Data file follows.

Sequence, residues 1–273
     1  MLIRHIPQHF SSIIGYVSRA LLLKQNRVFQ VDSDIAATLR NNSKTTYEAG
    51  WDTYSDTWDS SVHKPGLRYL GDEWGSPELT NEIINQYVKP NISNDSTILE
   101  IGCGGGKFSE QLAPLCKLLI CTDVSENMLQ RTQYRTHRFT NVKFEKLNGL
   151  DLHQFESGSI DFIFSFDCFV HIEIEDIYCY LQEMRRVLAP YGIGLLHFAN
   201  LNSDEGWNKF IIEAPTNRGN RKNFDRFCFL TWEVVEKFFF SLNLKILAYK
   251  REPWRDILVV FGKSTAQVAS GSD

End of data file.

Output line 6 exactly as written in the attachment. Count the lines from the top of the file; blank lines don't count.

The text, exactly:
   201  LNSDEGWNKF IIEAPTNRGN RKNFDRFCFL TWEVVEKFFF SLNLKILAYK